The Cubs' left-handed pitcher is way overdue for some good fortune. Getting a chance to stick on a big league roster could be just the turn of events the 24-year-old needs.
Veal, Chicago's second-round pick in the 2005 Draft, has had a roller-coaster pro career thus far. Blessed with above-average stuff, he had a fantastic first full season in 2006, being mentioned among the better left-handed pitching prospects in the game. His '07 was uneven, to say the least, and '08 -- a repeat of Double-A -- was more of the same.
The stuff is still there -- evidence of that comes from his 476 strikeouts in 470 1/3 pro innings. But his command has eluded him, with 256 walks in the same timespan.
But this is a lot more than a story about a young pitcher who hasn't been consistent. The fact that Veal was able to pitch for all of '08, throwing 145 1/3 innings, is somewhat remarkable considering what the young man has gone through.
In November 2004, Veal lost his mother to cancer. Three years later, his father died in a scuba diving accident. Veal was left as the adult in the family, along with younger brother Devin, who is attending the University of Arizona. Veal has often said that baseball has served as an escape and he would never be one to make excuses, but it's hard to imagine any human not being impacted by the situation.
"Yes, I thought about it," said Veal, who was a Southern League All-Star with a 3.69 ERA in the first half, followed by a 6.59 second-half ERA. "It wasn't with me while I was pitching. It wasn't the reason for the inconsistency. I had my moments, but I didn't take it to the field. It was behind closed doors. The one thing I took to the field was baseball.
"It's been a long year, but stuff happens to everyone and you have to keep going and keep pushing."
The Cubs had a decision to make with Veal this offseason. As per the rules (Rule 5 to be exact), four years after he signed, Veal had to be protected on the 40-man roster or become eligible to be selected in the Rule 5 Draft. If taken, Veal would have to stick on the 25-man roster of the team that selected him or be offered back to the Cubs. The Cubs didn't put him on the roster and Veal now is looking at the possibility of changing organizations come Thursday.
"I wasn't really surprised, but I was hopeful they would put me on there," Veal said. "In their opinion, they didn't need to and that's completely fine. They had to do what they felt they needed to in order to win. I was happy for the guys who did make it, and they definitely deserved it."
It's Veal who definitely deserves the shot the Rule 5 Draft can provide. He's not Johan Santana, the usual benchmark for Rule 5 success on the mound. He may not even be Joakim Soria. But he is a lefty with three pitches that all have a chance to be above average to plus offerings. He's new to the whole Rule 5 process, but he's learning on the fly.
"I don't know a whole lot about it," Veal said. "I haven't heard a whole bunch [about me being taken]. I'm just keeping my mind open and seeing what happens."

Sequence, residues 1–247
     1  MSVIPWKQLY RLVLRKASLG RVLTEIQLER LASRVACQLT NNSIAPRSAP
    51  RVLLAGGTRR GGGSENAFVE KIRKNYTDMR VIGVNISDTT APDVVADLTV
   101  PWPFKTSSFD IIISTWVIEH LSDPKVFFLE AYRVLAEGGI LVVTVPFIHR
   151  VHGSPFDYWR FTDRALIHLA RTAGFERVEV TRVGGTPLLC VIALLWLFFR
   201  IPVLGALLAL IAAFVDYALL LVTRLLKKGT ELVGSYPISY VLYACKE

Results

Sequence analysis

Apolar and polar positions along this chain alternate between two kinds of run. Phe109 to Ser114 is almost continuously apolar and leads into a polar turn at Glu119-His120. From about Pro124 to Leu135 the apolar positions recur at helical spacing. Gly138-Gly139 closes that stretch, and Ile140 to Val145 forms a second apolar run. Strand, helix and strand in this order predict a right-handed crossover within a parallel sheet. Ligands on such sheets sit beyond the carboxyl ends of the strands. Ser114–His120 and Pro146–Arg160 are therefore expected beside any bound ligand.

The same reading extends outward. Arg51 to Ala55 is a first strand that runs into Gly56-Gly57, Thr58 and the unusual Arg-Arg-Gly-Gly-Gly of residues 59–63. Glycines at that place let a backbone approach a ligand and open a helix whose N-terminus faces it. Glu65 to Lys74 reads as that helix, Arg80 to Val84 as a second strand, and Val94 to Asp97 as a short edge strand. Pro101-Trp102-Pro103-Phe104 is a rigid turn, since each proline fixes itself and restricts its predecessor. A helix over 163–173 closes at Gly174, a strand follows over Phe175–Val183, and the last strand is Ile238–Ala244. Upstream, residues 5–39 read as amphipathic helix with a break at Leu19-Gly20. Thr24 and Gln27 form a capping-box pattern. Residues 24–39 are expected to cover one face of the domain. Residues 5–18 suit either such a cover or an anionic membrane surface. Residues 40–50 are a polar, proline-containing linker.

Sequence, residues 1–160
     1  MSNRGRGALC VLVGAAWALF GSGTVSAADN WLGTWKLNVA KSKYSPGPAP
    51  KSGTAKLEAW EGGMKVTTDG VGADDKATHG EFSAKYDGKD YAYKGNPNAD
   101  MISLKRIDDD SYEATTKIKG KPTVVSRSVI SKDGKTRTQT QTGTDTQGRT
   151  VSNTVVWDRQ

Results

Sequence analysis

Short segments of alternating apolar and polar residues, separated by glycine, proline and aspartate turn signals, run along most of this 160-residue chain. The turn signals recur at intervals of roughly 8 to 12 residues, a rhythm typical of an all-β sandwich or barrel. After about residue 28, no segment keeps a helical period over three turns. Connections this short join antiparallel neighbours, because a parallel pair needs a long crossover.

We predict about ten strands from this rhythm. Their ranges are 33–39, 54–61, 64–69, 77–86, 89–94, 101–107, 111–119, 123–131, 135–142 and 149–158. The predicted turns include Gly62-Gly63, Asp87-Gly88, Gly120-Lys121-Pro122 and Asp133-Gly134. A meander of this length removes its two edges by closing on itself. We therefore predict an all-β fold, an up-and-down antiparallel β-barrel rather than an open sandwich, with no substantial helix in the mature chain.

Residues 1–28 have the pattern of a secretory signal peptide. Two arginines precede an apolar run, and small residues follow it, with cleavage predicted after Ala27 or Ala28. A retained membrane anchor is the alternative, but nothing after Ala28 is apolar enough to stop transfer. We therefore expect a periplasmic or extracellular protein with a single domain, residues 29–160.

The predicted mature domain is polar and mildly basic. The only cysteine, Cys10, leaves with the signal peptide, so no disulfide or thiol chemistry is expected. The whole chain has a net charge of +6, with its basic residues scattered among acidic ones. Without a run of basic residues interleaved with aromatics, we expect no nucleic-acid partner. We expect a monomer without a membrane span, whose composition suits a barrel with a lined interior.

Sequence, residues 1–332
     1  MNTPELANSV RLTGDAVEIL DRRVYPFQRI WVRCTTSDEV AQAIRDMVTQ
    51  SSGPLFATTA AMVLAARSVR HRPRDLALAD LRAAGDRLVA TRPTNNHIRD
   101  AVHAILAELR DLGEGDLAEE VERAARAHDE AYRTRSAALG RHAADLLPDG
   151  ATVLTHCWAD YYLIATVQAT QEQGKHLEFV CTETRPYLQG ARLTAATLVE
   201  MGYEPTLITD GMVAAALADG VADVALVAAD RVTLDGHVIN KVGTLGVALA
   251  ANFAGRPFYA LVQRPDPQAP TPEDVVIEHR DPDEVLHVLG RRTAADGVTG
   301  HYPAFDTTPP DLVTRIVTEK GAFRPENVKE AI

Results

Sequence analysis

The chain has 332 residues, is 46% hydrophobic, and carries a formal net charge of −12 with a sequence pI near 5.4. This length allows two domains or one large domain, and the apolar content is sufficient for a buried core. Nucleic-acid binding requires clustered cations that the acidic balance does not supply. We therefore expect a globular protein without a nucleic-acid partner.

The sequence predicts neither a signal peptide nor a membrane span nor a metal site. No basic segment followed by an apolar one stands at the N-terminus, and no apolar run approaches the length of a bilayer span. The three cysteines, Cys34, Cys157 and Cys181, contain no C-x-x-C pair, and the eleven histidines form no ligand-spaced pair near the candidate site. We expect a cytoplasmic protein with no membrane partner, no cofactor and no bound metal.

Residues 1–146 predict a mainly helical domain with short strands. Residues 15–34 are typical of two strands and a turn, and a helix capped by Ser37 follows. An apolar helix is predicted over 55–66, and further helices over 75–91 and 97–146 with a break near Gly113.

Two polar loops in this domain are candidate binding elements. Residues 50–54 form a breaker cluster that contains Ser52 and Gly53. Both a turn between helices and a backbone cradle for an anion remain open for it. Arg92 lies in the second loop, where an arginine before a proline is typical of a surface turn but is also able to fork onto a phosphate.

If early buzz is any indication, it will happen. Veal's name is the one mentioned the most frequently when talking to front-office types here in Vegas. Lefties with that size and stuff don't grow on trees, and while the Rule 5 is a gamble, taking one with Veal seems to make a whole lot of sense for a pitching-strapped organization.
The most likely scenario would be for someone to take Veal and have him pitch out of the bullpen. That might have sounded completely foreign to Veal considering all but three of his 96 professional outings have come as a starter, but he got a crash course in relieving in the Arizona Fall League. His overall numbers don't look good at all, but if you take out two truly awful outings in which he gave up seven earned runs in 1 1/3 innings, Veal yielded three runs over 7 2/3 frames. Perhaps more importantly to those considering taking him Thursday, he held left-handed hitters to a .154 batting average.
"It was definitely a change for me," Veal said of relieving. "It's completely different from knowing an exact set schedule. For me, it was a little nerve-wracking because you never knew. You had to be ready every day. But I enjoyed it. Any way to get to the big leagues, it wouldn't be a problem."
It certainly would be a welcome change for Veal, particularly in the salary department. While money may not be the only incentive, considering the larger responsibilities he has with his family, the larger paycheck would be a nice bonus. That being said, that's not what motivates Veal. He knows if he keeps working on becoming more consistent that realizing his big league dream will happen one day, either with another club right away in '09 or at some point in the future with his current employer.
"It wouldn't hurt, but at the same time, you just keep putting your work in," Veal said. "I don't have a whole lot of worry. If it happens, it happens. Great, I'll be happy. If it doesn't, I'll keep working.
"If that were to happen, even if it doesn't happen, the basic thing is to show the Cubs or whatever team I go to, consistency with everything. That's what I've been working on for the past couple of years. It's gotten better, but I still have work to do, and that's my focus this offseason."
Jonathan Mayo is a reporter for MLB.com. This story was not subject to the approval of Major League Baseball or its clubs.